Edward and I were at a sub shop eating lunch. He was raised Jewish, but really didn't know much about Judaism, the Old Testament, not to mention Christianity. I had been meeting with him for a few weeks and he had started attending church. He had heard the gospel several times at this point and we had spent several hours going through the typical apologetics-type questions unbelievers ask. Then he said: "Many of my friends say that if I go to church and become a Christian that I'll have a better life: better friends, better finances, better health, a happier marriage, you know, those kind of things. Do you think that's true? Do you think that if I become a Christian that all those areas in my life would get better?" This, I think, is kind of a trick question coming from Edward.
A clear, faithful presentation of the gospel should be one of the main goals in evangelism, but some times we focus on other things, things that end up distracting and detracting. What is carrot stick evangelism?
The phrase comes from the idea of leading a donkey or horse by tying a carrot to the end of a stick and holding it in front of them to lead them in the direction you want them to go. You hold out a "reward" for the animal when it does what you want it to do. You try to "attract" them to go in a certain direction.
So carrot stick evangelism is when we hold out things other than Christ as the reward or attraction to the Christian faith. What are these "other things"? It could be deliverance from depression or some illness. It could be a happier marriage or friends that are trustworthy. It could be a non-prosperity gospel explanation that when you use your resources the way God intends, that your finances will be in a healthier place. It could be that God will relieve you of all your anxiety. We can be so tempted to hold these things out in our evangelism, tempted to attract people to less anxiety, more health, a better marriage, etc. But is that what we should be attracting people to in our presentation of the gospel?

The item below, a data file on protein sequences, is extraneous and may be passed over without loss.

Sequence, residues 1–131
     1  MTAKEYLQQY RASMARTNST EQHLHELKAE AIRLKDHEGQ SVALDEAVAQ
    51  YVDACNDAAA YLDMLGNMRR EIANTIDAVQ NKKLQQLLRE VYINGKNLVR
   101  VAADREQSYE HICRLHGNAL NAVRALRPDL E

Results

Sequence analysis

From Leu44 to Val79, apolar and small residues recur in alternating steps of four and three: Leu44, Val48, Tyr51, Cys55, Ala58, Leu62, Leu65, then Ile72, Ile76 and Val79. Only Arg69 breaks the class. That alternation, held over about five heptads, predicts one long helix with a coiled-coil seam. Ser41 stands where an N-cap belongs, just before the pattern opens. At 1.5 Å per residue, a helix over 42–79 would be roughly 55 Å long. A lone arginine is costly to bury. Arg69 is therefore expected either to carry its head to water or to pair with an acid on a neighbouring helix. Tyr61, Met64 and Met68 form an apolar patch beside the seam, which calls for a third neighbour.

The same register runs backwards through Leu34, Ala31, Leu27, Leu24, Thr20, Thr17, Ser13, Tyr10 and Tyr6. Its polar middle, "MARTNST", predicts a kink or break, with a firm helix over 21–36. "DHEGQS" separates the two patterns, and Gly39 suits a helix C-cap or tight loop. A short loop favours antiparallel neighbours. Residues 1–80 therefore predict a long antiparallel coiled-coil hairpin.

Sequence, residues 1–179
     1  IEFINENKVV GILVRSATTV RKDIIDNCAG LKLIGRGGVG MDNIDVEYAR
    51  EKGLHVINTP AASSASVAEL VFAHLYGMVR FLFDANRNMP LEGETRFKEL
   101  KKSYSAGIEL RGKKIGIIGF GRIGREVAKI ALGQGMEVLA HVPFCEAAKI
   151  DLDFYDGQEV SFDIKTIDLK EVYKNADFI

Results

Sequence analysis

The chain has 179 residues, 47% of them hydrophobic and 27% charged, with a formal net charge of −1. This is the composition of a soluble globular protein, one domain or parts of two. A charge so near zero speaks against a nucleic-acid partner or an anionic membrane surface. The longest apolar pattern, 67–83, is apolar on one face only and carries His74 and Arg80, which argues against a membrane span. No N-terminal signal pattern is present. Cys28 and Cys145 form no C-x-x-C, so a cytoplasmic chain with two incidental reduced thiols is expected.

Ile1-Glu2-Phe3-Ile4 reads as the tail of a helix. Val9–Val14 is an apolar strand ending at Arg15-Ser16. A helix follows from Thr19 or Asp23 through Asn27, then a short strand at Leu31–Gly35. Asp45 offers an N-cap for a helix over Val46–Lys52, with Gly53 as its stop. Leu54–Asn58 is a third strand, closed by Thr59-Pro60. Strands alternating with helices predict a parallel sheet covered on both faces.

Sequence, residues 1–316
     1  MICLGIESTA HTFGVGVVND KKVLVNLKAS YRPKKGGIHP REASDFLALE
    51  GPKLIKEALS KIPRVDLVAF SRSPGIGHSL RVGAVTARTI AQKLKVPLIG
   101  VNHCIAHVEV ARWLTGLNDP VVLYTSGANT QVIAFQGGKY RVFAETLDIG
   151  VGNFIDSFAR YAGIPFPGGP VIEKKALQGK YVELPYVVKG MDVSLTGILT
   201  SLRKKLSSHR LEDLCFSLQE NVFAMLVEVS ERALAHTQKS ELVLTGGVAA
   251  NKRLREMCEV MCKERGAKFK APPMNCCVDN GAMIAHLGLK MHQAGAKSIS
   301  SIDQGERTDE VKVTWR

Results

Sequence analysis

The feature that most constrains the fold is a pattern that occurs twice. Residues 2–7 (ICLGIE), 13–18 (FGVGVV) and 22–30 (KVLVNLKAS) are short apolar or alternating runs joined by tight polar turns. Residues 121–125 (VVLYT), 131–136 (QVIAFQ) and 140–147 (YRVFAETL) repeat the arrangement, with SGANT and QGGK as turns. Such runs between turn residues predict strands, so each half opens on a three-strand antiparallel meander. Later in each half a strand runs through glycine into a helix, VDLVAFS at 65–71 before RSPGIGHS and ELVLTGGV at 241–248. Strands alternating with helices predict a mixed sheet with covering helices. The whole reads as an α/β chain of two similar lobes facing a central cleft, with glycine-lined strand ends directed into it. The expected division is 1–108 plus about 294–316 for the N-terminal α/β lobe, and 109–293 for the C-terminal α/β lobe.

My answer is an unqualified "no"! And I'm NOT just talking about prosperity gospel preaching. Don't place the carrot on the stick in front of unbelievers of a "better life". I do believe that following the principles laid out in Scripture will typically lead to a more joyful life, in marriage, friendships, finances, etc. But ... but what if God decides that suffering an illness will help make you more like Jesus and bring Him glory? What will that young convert think when he is diagnosed with cancer three months after "making a decision" for Jesus? He'll think what many have said after hearing the "carrot stick" evangelism method: Christianity doesn't work. Instead of attracting unbelievers with these superficial things, let's attract them by lifting up Christ, His life, His death, His glorious resurrection and ascension. When the glory of Christ is explained, when His love as expressed in His life and death is explained, that is what should be attracting unbelievers. And what's their reward? Not just the avoidance of hell (another "iffy" gospel presentation method), but they gain Christ. Christ is both the attraction and the reward! If someone "makes a decision for Jesus" because they want a better marriage, I ask this: is that a true conversion? Did they convert to Christianity or to a man-made religion that gets them whatever they want? So this method distracts from what is the only thing that can truly draw them to God, Christ; it detracts from the glory of Christ by presenting a "better life" as more praiseworthy, more glorious than Christ himself. So how did I answer Edward?
"Edward, I do believe that following the principles in Scripture typically leads to the things you've mentioned, but I do not want you to come to Christ so you can get those things. I want you to become a Christian because you fall in love with the God of the Bible who has already demonstrated His love for you in the life and death of His Son. I want you to be attracted to Christianity because Jesus is so glorious! I want you to see that the reward of becoming a Christian is knowing Christ! Not some temporal reward of better health or more money. So, let's talk about Jesus and what he's done for you."